'What I want for TV3 is for it not to be RTE'
TV3's Director of Programming Ben Frow talks to Liam Collins as the station launches its autumn schedule
'IWON'T wear a shirt any more, life is too short to spend time ironing," says Ben Frow, director of programming at TV3 as he bounces into The Harbour Master restaurant in Dublin's IFSC for lunch.
Frow is a small Englishman, bubbling with enthusiasm for TV and getting one up on the competition -- RTE.
"I don't want the licence fee," he insists, which might send a shudder down the spine of some of the 'suits' at the independent commercial station which is based in an industrial estate in Ballymount, west Dublin -- a place which contrasts sharply with the large leafy complex in Montrose where the highly paid stars of the national broadcasting service do their stuff.
But what he does want is some sort of separation between the licence fee of €120m and the advertising stream which RTE also gets. Most broadcasters in Europe are entitled to one or the other, but RTE manages to get both.
Frow's solution would see one RTE station depending on the licence fee and the other on advertising revenue, but he's also smart enough to know that no politician since Ray Burke has been prepared to tackle that thorny issue. And look at what happened to Burke.
Frow's wearing a V-neck white T-shirt under a denim jacket and has decided to lighten up and look at the bright side of life since reaching the milestone of 50 earlier this year.
I met him ahead of the station's launch of its autumn schedule last Thursday, and he has decided that he's going to be positive and not catty about the opposition.
It's a good intention, but only lasts about two minutes when I ask him about the annual RTE press release listing the 50 programmes with the highest audience in the last 12 months -- only two were broadcast on TV3, Coronation Street and the phenomenally successful Come Dine With Me.
"It doesn't make me depressed. RTE does this every year, that's the depressing thing. TV3 is growing its audience and we've increased steadily for three years in a row, on a budget of €20m.
"RTE is giving us the same old shows, and frankly I'm a little bit fed up with it. You can put anything on RTE at certain times and you get a huge audience -- but TV3 has to fight for its audience and it is growing in quality and range. We have a young mentality."
In his previous existence with Britain's Channel 4 and Channel 5 he was responsible for Jamie's Kitchen, How Clean Is Your House and Nigella Lawson's successful cookery shows.
What he is trying to do with TV3 is to be more nimble than its rival in Montrose.
Both stations are currently doing major programmes on the demise of Fianna Fail, but Frow is confident he'll get his Ursula Halligan presentation on screen first.
"The Late Late Show owns middle Ireland, but Vincent Browne owns intellectual Ireland, he owns opinion-forming Ireland. He brought his own audience and we own that slot -- it's provocative and Vincent is more than just a presenter, he's a great entertainer," he says, adding, "What I want for TV3 is not to be RTE."
"It's all about competition, you're always thinking are we missing a trick, are they ahead of the curve, are they doing something that we should be doing, you know, so you're always aware of the competition and it's quite a good way of just keeping yourself in check, a measure of where you're going and are you doing the right thing. I think it's a very, very good day for TV3 programming and literally already we've started talking about what we're going to do for next year. I need to have a clear idea of who we are, where we're going, what we want to be, can we show that we've evolved year-on-year, how are we going to demonstrate we've evolved year-on-year."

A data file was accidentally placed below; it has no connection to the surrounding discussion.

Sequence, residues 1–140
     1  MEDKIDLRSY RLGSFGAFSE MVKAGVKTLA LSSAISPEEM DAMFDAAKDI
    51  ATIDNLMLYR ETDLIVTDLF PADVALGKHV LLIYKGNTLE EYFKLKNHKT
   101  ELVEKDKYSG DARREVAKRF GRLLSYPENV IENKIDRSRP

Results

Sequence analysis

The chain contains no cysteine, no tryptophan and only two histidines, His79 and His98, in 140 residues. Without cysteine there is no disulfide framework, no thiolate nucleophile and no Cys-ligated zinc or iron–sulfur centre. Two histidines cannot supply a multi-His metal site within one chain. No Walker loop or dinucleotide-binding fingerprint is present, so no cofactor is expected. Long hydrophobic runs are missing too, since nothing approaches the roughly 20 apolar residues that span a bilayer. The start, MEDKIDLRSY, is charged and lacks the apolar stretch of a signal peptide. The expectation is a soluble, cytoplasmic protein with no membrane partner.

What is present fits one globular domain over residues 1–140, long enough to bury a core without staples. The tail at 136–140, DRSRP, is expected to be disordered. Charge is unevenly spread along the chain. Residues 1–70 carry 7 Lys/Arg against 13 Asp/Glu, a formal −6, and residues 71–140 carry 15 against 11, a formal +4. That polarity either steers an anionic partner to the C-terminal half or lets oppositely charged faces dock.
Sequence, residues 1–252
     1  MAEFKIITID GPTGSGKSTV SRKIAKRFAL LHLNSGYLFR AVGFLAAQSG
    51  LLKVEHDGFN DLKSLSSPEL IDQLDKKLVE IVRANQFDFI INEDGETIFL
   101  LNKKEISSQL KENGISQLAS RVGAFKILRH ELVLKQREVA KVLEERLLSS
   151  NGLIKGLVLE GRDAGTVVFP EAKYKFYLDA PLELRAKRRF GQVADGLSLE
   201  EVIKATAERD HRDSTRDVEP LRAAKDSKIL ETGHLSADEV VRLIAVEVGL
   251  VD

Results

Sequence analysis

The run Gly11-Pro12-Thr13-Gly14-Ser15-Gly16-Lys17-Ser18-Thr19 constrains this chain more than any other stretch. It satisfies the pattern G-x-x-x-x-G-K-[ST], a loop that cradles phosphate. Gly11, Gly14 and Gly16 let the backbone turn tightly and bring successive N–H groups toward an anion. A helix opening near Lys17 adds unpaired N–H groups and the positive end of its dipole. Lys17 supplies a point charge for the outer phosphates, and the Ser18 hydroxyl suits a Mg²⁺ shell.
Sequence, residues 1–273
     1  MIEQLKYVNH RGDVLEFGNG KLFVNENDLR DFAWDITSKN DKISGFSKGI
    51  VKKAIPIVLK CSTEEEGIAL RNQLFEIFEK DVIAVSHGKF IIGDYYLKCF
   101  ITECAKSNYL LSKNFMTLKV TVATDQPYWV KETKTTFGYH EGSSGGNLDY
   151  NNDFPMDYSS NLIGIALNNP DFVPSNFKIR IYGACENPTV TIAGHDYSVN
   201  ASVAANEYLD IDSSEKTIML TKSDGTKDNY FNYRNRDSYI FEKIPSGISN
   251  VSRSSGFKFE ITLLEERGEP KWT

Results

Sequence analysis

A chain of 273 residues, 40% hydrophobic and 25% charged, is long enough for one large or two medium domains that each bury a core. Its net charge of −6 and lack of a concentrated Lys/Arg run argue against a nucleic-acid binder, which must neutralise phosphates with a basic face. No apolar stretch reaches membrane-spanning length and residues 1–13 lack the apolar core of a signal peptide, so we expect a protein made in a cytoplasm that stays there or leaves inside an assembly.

He believes that TV3 is far better at spotting new talent -- and using it. And he's getting used to them moving over to RTE, like his protege Grainne Seoige.
"I don't bear grudges," he says of Grainne, although he admits he did make what he now regards as some injudicious remarks after she left and was quite nervous about meeting her at the Conference Centre for the Queen's visit. But they got on famously and went to the bar and had a few drinks and a chat after the formal part of the event.
"Grainne is great and I'm delighted for her."
He says that he's come to realise that "times are too hard to be knocking people" and that in a small country like Ireland "we have to look after our own" -- but then he adds, "I can still put in the barb when I need to."
TV3 did 130 hours of home-produced programming last year and they have 230 new hours this year.
But Frow sees his job as doing "the right kind of Irish" and that means varying programmes like The Tenements, a social history of the Dublin slums, and at the other end of the scale plans Give Adele A Bell, featuring the inimitable Twink solving people's problems.
"It's all about balance," he says. "Someone asked, 'How can you do educational porn on the one hand and really authoritative historical pieces on the other?' and I go, 'Because it's balance.' If you just do The Tenements you're BBC4 and if you just do sex you're a porn channel and we have light and shade.
"Sometimes we do strict reality events like Head Chef and we might do Come Dine with Me and then we might do Forgotten Irish or we might do a series we've got coming, The Hospice, or we might do, you know, a campaign over a whole week. We might do a new series with Vincent Browne. You generally find Monday to Thursday is fairly intelligent, boring, authoritative programming and at the weekends it's 'have fun'."
That's the Frow recipe for success in medialand.
"I don't know how to make a television programme, I know nothing about it, but I do know what people want to see and that's why my job at TV3 is just so exciting at the moment."